Strong retail sales have helped HP win back some of the market share it ceded to rivals in recent years, especially in the consumer laptop market.
The hardware maker’s share of the total PC market increased to 31.1 percent in 2006, according to figures released by research firm IDC.
Although this figure is only a few points up from 2005’s 30.7 percent, a boost in sales of consumer laptops in the final quarter of 2006 shored up HP’s market-leading position.
In the fourth quarter of last year, HP’s laptop sales surged 15 percent to make up 40.7 percent of the market.
Most of this growth was fuelled by sales in the retail sector and has come at the expense of direct-selling Dell, says HP SMB marketing manager Warwick Grey.
“Customers are not happy just buying online. They want to go to a store and compare their options,” he says.
Although much of HP’s growth last year was driven by retail sales, Grey says opportunities do exist for commercial resellers.
“There are around 300,000 small businesses in New Zealand who behave like consumers and buy from retailers."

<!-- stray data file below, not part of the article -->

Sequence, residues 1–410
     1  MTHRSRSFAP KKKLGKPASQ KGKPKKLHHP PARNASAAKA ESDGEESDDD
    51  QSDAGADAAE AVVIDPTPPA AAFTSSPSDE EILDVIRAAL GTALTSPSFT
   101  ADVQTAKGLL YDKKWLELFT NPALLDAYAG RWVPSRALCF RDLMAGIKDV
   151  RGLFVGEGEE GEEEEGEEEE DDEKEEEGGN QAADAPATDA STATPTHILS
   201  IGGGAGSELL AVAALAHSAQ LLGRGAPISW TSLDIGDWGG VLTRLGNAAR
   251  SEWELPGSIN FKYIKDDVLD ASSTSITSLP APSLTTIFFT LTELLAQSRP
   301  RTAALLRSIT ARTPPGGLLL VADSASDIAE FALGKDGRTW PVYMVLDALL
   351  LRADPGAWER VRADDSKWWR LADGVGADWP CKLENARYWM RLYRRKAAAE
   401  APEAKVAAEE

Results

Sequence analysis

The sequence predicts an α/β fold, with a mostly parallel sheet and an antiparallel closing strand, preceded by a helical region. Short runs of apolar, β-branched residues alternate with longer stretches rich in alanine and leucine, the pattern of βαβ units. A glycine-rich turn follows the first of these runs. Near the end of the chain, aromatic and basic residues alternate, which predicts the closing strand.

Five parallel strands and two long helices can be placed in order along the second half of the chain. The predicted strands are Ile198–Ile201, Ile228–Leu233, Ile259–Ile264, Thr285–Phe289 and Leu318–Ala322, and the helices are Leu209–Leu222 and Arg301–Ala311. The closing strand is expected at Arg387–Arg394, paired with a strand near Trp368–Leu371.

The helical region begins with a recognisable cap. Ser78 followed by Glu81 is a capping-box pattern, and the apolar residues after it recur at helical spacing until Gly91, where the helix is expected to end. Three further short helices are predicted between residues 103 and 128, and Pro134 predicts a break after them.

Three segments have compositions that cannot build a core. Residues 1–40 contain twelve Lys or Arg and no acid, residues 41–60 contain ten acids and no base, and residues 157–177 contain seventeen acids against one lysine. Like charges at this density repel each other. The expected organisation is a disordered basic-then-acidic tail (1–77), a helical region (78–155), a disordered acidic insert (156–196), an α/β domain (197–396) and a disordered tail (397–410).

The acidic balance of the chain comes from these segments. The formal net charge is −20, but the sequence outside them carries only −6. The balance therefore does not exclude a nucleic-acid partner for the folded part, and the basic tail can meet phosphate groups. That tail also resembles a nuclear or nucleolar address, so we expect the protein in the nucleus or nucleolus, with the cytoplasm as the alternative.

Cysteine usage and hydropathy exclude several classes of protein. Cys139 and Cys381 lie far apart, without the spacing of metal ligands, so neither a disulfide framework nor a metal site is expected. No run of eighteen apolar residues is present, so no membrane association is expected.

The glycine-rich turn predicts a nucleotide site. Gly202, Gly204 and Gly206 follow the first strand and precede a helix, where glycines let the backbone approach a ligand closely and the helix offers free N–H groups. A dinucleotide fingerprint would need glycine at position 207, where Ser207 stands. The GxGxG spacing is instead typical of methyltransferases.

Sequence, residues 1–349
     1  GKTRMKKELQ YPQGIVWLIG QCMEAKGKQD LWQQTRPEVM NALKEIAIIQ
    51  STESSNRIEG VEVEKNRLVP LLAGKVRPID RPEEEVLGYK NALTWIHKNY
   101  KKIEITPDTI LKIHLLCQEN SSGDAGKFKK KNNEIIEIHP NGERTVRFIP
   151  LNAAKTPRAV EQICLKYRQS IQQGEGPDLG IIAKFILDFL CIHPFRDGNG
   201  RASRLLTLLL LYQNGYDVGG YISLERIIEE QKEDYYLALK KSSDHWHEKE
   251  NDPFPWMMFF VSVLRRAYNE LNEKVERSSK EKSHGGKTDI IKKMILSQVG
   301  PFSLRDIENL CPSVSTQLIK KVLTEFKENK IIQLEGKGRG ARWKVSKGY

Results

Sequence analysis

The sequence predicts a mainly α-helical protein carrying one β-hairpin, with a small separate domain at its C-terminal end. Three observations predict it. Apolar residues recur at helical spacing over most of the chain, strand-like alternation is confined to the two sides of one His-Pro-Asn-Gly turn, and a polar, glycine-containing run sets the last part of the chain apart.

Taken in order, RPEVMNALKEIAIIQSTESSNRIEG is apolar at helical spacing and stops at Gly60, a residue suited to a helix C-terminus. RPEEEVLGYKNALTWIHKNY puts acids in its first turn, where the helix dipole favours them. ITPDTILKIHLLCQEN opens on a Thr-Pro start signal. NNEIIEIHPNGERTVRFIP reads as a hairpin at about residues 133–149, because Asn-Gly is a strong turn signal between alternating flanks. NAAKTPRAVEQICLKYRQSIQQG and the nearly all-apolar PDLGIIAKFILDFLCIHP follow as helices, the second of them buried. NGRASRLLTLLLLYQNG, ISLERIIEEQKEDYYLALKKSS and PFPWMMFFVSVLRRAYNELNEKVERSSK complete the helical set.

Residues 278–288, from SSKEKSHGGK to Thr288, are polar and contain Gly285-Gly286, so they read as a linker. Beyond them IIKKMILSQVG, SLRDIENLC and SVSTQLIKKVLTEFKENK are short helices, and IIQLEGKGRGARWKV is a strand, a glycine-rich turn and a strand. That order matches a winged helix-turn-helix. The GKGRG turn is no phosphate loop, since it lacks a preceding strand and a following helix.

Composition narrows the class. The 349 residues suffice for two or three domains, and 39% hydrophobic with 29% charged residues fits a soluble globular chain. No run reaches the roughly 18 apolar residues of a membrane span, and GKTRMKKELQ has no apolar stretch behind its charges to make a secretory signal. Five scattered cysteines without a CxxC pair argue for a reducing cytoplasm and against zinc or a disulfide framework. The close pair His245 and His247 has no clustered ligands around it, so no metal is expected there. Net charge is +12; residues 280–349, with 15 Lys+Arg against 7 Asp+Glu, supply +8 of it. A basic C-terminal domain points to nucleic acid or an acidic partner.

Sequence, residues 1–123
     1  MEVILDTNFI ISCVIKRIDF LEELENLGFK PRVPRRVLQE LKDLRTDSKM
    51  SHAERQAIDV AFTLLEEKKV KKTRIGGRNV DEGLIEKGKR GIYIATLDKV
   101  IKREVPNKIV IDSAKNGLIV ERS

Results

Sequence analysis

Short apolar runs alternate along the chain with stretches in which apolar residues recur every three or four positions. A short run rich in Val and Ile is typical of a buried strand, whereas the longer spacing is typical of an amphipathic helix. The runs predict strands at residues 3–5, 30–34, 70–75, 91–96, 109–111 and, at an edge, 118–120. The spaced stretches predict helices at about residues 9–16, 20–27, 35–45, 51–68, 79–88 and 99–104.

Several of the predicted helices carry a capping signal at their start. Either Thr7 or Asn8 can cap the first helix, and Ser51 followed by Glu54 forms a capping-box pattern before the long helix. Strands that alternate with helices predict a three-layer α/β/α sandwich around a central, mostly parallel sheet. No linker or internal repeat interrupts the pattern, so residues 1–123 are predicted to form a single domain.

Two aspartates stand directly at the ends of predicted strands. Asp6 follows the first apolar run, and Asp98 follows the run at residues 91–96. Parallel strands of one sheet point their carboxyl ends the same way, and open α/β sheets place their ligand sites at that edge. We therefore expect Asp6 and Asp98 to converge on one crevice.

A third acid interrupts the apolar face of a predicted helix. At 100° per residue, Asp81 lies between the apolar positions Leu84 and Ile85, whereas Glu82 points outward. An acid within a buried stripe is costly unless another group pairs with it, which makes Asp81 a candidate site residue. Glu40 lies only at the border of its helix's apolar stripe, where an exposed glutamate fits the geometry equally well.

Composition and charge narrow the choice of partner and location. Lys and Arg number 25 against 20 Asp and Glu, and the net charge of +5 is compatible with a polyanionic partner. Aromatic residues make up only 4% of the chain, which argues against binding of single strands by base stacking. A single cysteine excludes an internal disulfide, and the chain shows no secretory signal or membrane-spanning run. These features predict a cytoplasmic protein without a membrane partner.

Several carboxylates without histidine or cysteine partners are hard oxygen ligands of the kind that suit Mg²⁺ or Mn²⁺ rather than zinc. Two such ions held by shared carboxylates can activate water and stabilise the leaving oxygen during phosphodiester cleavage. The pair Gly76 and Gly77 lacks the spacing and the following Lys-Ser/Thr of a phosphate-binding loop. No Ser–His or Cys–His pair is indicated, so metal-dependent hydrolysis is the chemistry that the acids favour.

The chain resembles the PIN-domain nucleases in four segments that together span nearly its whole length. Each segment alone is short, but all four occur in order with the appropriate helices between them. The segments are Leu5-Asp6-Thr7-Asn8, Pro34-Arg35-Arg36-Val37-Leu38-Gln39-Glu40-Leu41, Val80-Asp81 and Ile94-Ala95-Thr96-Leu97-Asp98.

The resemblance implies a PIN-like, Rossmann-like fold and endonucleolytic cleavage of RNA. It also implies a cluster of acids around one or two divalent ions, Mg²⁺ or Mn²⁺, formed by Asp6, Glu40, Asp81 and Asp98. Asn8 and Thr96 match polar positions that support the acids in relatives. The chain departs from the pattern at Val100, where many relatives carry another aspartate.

HP’s channel partners can tap into this market and present these users with a wider range of product and service options, especially since retailers do not stock HP’s commercial products, says Grey.
“Business machines can be less expensive than consumer products as they do not need high-end specifications required for gaming or multimedia applications,” he says.
According to IDC, the overall PC market in New Zealand grew by 4.8 percent in 2006 with 578,788 units sold. The notebook market performed best, growing by 23.6 percent while desktop sales dropped by 7.5 percent.
HP has also pulled ahead of Dell in global PC sales. For more read this report.